Yes, but check the Prime Minister's diary first! Whatever happened to the famous wall chart which was established to ensure policy announcements never clashed?

The last two weeks are proof positive that Brown leads a Government which doesn't set the imagination on fire. There are loyalists - Douglas Alexander and husband-and-wife team Ed Balls and Yvette Cooper will all die in the bunker with him - and he can rely on Jack Straw, Margaret Beckett, Alistair Darling and the increasingly impressive Hilary Benn.

Alan Johnson and Geoff Hoon will not rock the boat in public. But apart from Harriet Harman, Lord Mandelson and possibly David Miliband, the others in the Cabinet are hardly household names, which is why Brown tried to appoint a government of all the talents when he became PM.

The Cabinet reshuffle which will surely follow next month's local and European election results will be the last throw of the dice for Brown. There will be no more opportunities to get it right. It's the Brown equivalent of Harold Macmillan's night of the long knives - an unfortunate precedent, because Super Mac still went down.

Get it wrong and the game's certainly up for Brown. Labour will crash with him. Get it right, and a new, energetic team could, at worst, mitigate the scale of defeat and at best help the Prime Minister pull off a shock as devastating as Harry S Truman in the 1948 US presidential election victory.

One thing seems certain, or as certain as any authorised briefing which emerges in whispers from Downing Street. The accident-prone Jacqui Smith will be removed from the Cabinet and probably the government, allowing her to concentrate on trying to save her marginal seat in Worcestershire.

EXIT DRAPER IN SHAME

LABOUR activist Derek Draper - known to friend and foe as either Dolly or Mr Kate Garraway - quit as editor of the LabourList website yesterday in the wake of the scandal over the proposed No 10 smear campaign.

Draper was sent the notorious email by then Downing Street aide Damian McBride, outlining plans to spread scurrilous gossip about senior Tories on a new website to be called Red Rag.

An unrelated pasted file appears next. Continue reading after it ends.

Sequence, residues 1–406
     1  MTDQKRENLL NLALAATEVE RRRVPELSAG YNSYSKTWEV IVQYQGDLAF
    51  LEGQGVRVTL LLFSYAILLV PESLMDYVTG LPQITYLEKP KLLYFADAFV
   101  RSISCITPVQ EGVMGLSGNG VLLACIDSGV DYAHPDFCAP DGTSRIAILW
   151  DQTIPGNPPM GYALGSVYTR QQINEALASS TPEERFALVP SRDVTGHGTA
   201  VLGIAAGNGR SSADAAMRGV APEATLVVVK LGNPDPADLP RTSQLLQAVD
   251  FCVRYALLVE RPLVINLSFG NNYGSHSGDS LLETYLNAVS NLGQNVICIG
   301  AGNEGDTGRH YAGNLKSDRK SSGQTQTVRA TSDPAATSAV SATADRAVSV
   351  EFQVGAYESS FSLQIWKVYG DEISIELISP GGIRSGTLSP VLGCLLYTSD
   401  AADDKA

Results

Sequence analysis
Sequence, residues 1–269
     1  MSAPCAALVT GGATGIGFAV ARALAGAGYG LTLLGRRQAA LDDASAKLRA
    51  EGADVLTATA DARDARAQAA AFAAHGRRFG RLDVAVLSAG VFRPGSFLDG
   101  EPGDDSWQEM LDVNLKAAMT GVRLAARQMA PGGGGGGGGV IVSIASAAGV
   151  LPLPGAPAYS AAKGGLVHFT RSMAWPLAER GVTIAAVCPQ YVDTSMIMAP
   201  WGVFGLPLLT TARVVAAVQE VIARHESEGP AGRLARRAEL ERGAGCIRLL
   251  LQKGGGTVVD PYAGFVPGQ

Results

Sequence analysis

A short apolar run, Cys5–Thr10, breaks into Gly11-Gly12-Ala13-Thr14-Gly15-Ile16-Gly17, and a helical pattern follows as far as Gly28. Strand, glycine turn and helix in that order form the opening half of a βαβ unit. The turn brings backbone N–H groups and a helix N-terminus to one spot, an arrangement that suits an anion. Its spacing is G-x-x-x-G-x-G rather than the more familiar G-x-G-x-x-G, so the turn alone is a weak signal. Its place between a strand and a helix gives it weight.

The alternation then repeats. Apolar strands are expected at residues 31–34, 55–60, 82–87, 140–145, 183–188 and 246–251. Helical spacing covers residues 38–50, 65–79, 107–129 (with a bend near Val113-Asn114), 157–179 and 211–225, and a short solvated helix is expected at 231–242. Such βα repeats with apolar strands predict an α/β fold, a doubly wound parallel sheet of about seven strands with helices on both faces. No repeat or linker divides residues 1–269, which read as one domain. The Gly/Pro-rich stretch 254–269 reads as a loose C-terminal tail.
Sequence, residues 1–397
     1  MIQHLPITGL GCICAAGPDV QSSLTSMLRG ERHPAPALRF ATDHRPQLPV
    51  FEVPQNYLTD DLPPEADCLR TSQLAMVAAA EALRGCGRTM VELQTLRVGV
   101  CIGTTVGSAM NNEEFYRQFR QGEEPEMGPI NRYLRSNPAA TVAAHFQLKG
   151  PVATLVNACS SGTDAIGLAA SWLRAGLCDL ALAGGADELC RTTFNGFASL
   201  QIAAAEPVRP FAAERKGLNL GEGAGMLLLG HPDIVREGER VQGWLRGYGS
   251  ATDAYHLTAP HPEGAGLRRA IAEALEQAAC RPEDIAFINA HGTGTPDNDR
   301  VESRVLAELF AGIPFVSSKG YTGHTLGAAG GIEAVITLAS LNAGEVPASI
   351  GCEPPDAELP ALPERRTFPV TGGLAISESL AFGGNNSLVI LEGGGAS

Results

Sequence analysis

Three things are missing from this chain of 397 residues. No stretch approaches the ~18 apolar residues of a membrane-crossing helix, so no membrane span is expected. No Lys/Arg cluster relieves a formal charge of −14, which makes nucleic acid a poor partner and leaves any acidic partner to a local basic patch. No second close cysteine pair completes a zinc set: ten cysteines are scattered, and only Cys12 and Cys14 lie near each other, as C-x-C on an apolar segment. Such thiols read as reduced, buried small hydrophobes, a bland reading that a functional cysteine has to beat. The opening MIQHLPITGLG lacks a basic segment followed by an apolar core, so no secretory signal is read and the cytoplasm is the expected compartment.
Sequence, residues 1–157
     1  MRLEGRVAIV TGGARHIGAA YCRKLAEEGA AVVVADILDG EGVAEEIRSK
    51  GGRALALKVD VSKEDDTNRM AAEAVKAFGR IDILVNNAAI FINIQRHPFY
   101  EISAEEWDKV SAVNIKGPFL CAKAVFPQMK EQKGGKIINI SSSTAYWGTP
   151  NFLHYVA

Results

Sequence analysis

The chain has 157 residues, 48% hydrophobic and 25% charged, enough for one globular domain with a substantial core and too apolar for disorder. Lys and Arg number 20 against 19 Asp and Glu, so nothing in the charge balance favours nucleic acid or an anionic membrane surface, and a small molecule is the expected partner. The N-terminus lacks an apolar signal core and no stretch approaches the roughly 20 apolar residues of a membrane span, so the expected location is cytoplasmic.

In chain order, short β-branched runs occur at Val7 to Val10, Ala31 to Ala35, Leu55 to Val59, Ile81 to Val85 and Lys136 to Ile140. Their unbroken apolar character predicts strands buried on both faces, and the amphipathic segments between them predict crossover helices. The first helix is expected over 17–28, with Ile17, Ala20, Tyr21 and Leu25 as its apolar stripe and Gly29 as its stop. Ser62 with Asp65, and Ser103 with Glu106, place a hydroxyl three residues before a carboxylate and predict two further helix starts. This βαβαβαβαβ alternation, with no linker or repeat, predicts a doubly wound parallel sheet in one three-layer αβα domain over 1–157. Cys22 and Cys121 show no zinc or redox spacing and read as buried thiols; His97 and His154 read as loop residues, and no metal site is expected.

He initially praised the proposals as “absolutely totally brilliant.”

In a resignation statement, Draper acknowledged that his continued presence at LabourList - which was originally set up to discuss serious policy ideas - was detracting from the website.

“I regret ever receiving the infamous email and I regret my stupid, hasty reply. I should have said straight away that the idea was wrong,”' he said.

“I do ask people to remember that its contents were never published by me, or anyone else, involved in the Labour Party and they would never have seen the light of day were it not for someone hacking into my emails and placing them into the public domain.

“Because of that, a silly idea ultimately destined for the trash can became a national scandal.”

LabourList was set up as a direct response to the successful ConservativeHome web site for Tory activists and also Guido Fawkes's irreverent blogging on order-order.com. Not only is LabourList a poor imitation of ConservativeHome, is it is also way behind the various blogs put out by UKIP supporters.

I don't buy that excuse that the emails would have remained private but for someone hacking into Draper's emails. How do we know the contents were “ultimately destined for the trash can”?

McBride and Draper may regret that the contents of the emails became public, but if they had not entertained the idea, there would have been no scandal in the first place.

Is this the end of the sorry business? No, because Conservative MP Nadine Dorries says she was libelled in the exchange of emails and is taking legal action. It is still not known if author Frances Osborne, wife of George, will resort to the courts over the allegations made about her.